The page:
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Twenty-year Las Cruces educator achieves fellowship for education research

In a technology-oriented world, many young students may find playing video and computer games much more fascinating than completing worksheets or working out of a math book. Karen Trujillo and other faculty and staff involved in the Math Snacks project at New Mexico State University understand this, which is why they try to incorporate video games and computer animation into math education.


Trujillo, post-doctoral researcher and program manager of the Math Snacks project, has worked as a school principal, teacher, math and technology specialist and professional development provider and said she is happy to get the opportunity to do research in this area. Because of this research, Trujillo is one of 10 recipients of the 2011 Community for Advancing Discovery Research in Education Fellowship.

"I have been an educator for 20 years, and I really enjoy it, but I have always been interested in the research aspect as well, so it's good to have that opportunity now," Trujillo said. "The CADRE Fellowship will give me the opportunity to look at education from a different angle."

As part of the Math Snacks project, Trujillo is part of the team that develops two-to three-minute animations and computer games to help middle school students understand math concepts. Trujillo and her colleagues also are doing a pilot study where they observe nine teachers and more than 600 students in Las Cruces and Gadsden schools, testing out the Math Snacks products to see how students respond to them. The pilot study is helping the team prepare for a large scale experimental study that will take place next year throughout the country.

"Nowadays, kids are very technology-oriented. They grow up that way," Trujillo said. "The animations give children a new way of looking at things, and the fun and appealing images help the concepts stick in their minds."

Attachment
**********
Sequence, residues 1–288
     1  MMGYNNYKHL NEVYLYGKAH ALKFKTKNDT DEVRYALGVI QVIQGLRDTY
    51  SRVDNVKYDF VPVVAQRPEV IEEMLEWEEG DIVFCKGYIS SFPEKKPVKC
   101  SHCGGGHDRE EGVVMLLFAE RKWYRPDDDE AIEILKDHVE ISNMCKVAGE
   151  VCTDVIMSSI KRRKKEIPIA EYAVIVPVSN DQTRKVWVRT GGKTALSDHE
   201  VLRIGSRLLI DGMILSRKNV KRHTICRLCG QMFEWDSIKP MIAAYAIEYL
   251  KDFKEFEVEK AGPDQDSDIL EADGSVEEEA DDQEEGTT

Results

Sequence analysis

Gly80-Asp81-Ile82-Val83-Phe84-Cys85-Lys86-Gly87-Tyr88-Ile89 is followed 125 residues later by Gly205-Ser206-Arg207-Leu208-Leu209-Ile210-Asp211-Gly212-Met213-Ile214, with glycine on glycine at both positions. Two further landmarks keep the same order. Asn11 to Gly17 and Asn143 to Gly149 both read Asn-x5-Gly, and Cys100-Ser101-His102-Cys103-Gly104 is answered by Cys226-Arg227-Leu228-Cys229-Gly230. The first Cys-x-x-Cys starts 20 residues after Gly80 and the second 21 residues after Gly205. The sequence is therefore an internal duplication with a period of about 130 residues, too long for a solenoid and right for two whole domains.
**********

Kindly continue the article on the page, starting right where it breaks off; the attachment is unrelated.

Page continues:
The CADRE Fellowship program is funded by the National Science Foundation and supports researchers and developers who participate in Discovery Research K-12 projects on teaching and learning in the science, technology, engineering and mathematics disciplines.

CADRE Fellow activities include attending the principle investigator meeting in Washington, D.C., where participants will get the opportunity to network with CADRE Fellows and principle investigators from across the country. After the meeting, the fellows will engage in an ongoing community of emerging researchers and developers with access to the resources of the CADRE network. Participants will receive a $1,000 stipend to cover travel and lodging for the meeting. Trujillo said the meeting will be valuable because it will help her network and develop relationships with other people in the STEM field. She also hopes to learn how to successfully publish articles and to improve research opportunities in the STEM field at NMSU.

"NMSU does a lot of great things, especially in the math and science fields," Trujillo said. "It is great that people from STEM and the College of Education can work cooperatively together, and this fellowship will help increase that partnership as well as increase ideas and opportunities in the STEM field at NMSU."

For more information, visit http://cadrek12.org/cadre-fellows-program or contact Trujillo at ktrujill@nmsu.edu.